If that exchange briefly roused your Canadian viewer, the rest of the debate was forgettable. Both leaders claimed to have plans. At one point, Sunak even claimed to have bold plans. Starmer, who could make a windsock look decisive, wouldn’t go quite that far, offering only the promise of situational boldness—and only then, he gave the impression, after prolonged and careful consultation.

If there was little excitement in the room, there is finally some in the race. The day before Sunak and Starmer staged a debate that was the political equivalent of browsing a rack of sweater vests, Nigel Farage announced that he had changed his mind and would, after all, assume the leadership of Reform UK and stand as a candidate in Clacton. You could hear the collective buzz of giddy relief from the media. Farage had just tagged the grayscale election with neon graffiti.

Normally the candidacy of a man who has lost all seven of the seats he has contested wouldn’t arouse much interest, but Farage is different. Whatever else you can say about him (and there is plenty), he is the one thing neither mainstream party leader is today: fun. Announcing his candidacy in an online video set to Eminem’s “Without Me,”“I said this looks like a job for me / So everybody, just follow me / ‘Cause we need a little controversy / ‘Cause it feels so empty without me.” Farage entered the ring with a flying elbow from the top ropes. A meme personified.

Vague on policy (he has that, at least, in common with other parties), but heavy on brio, Farage is the Tories’ worst nightmare. He may have only an outsider’s chance in his chosen seat of Clacton, but the ripples his campaign will cause across the country, the media attention he will draw, and—most importantly—the vivid technicolour contrast he poses, make an already embattled Tory party look enfeebled.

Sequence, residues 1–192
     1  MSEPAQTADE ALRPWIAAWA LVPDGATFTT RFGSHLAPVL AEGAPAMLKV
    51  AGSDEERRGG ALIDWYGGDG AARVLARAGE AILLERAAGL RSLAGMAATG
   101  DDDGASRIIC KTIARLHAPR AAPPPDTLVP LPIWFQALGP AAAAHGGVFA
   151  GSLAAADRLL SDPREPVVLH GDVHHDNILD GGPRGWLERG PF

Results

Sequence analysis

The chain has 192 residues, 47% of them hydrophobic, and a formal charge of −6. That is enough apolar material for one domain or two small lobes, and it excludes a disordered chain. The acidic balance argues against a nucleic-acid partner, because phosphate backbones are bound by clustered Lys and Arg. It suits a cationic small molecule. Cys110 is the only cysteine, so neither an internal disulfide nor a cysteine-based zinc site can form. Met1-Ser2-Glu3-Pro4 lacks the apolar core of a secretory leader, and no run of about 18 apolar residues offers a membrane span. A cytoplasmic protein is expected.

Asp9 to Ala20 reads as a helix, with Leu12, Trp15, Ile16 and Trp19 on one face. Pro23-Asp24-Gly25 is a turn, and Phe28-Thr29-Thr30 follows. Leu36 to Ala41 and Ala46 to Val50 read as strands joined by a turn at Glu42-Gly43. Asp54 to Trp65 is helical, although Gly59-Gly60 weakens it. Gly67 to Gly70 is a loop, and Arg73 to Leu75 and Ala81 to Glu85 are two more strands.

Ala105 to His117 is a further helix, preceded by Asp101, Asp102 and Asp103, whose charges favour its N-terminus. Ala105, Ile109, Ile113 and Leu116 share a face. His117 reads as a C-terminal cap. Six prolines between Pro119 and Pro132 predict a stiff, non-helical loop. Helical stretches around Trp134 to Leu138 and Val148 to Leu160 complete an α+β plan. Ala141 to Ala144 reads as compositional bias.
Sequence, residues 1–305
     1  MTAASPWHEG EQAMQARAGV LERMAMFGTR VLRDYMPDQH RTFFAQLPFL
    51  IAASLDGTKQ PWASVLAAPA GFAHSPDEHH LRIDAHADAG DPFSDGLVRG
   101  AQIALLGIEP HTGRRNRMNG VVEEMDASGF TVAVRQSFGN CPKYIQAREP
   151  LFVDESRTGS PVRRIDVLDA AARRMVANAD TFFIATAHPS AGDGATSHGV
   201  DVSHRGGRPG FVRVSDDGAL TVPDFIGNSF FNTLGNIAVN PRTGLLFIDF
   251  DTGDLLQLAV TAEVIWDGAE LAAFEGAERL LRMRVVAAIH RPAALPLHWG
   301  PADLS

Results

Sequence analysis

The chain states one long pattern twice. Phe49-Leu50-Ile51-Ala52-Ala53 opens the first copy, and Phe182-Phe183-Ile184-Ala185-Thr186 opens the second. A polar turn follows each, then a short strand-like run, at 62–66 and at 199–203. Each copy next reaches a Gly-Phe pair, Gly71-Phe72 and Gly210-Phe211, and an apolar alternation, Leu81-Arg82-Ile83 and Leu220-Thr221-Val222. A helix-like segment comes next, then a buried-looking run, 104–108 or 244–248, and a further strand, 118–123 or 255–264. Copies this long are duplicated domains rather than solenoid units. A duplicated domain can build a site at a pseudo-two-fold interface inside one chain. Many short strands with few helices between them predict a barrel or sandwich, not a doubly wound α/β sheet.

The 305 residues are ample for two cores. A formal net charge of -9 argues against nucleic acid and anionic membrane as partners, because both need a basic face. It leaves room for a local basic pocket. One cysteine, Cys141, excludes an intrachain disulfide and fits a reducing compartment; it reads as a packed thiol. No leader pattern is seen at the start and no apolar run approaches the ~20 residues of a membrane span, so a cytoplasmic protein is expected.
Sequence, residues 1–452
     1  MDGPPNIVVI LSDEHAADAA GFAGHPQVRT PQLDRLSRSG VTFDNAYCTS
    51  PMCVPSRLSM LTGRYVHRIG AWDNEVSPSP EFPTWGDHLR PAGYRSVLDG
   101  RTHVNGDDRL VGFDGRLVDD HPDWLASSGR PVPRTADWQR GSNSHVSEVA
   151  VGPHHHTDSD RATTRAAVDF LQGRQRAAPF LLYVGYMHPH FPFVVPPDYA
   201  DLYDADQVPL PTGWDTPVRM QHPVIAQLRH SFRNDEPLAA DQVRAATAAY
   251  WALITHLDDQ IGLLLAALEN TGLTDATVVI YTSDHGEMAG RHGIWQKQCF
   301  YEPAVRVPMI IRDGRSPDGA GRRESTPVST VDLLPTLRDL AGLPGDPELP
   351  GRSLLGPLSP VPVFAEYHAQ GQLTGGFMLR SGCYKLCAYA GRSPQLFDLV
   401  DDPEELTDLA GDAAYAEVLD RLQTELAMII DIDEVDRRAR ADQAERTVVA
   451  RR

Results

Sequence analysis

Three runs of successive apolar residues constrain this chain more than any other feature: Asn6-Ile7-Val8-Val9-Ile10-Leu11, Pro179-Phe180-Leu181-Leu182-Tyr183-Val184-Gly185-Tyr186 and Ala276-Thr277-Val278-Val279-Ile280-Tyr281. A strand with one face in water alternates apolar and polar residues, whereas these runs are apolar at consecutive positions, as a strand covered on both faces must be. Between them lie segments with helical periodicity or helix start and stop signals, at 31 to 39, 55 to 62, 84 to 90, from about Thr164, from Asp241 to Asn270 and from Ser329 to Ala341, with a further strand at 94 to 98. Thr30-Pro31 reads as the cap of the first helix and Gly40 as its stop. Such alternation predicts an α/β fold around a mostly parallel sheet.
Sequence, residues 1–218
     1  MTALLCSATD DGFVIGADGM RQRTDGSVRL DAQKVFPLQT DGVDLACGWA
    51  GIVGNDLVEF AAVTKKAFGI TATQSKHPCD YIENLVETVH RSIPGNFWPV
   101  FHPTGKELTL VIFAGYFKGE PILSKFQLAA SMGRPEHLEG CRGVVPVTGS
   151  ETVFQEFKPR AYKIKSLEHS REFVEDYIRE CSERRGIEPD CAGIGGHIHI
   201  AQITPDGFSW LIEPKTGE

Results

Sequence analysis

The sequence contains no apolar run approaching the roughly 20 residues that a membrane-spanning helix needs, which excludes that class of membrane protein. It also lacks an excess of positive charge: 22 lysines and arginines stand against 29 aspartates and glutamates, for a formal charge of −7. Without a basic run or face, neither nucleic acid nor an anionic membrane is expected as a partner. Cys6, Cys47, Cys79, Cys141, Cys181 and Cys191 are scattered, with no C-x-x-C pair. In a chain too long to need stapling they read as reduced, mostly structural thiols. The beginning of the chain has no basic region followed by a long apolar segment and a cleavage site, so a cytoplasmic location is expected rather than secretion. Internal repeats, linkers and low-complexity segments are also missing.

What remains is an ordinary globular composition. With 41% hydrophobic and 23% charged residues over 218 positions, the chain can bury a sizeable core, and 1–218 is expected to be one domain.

Entering the election, polls showed Labour winning a massive majority of 420 out of 650 seats in the House of Commons. Some Conservative party pessimists even whispered about a sub-100 seat wipe-out. I didn’t believe them. I thought that the more voters saw of Starmer, the more enthusiasm would ebb from Labour and the Tory vote would steady. I thought they would lose badly, but not catastrophically. With Farage in the mix, I’m now on team wipeout.

Michael Kempa: Downplaying the treason of MPs and senators is a betrayal of Canadian democracy

Prime Minister Justin Trudeau rises during Question Period in the House of Commons on Parliament Hill in Ottawa, on Tuesday, June 4, 2024. Spencer Colby/The Canadian Press.

This week, the National Security and Intelligence Committee of Parliamentarians (NSICOP) revealed downright explosive information with the release of its latest special report: that sitting Canadian MPs and senators have been “witting” beneficiaries of foreign interference in Canadian political processes.

The government’s insipid response will not protect Canadian democracy—the first order of business for any serious country.

The NSICOP report is just the latest in a stream of official reviews detailing how the People’s Republic of China (PRC), India, and other ideological opponent states have surreptitiously meddled in Canadian affairs.

NSICOP confirms much of what we already knew from the timid report of “Special Rapporteur” David Johnston (May 2023) and the recent, rushed interim report of “Public Inquiry into Foreign Interference” headed by Justice Hogue (May 2024).

The dominos have fallen, one by one. Each report, in order of release, has traced, with increasingly greater detail and conviction, the ways in which Beijing and New Delhi have extended their tentacles into our election nomination contests (where electoral candidates are selected by local party members), clandestinely injected money into their preferred candidates’ campaigns, and pressured diaspora communities to toe the line of their “mother country” while in Canada, an ocean away.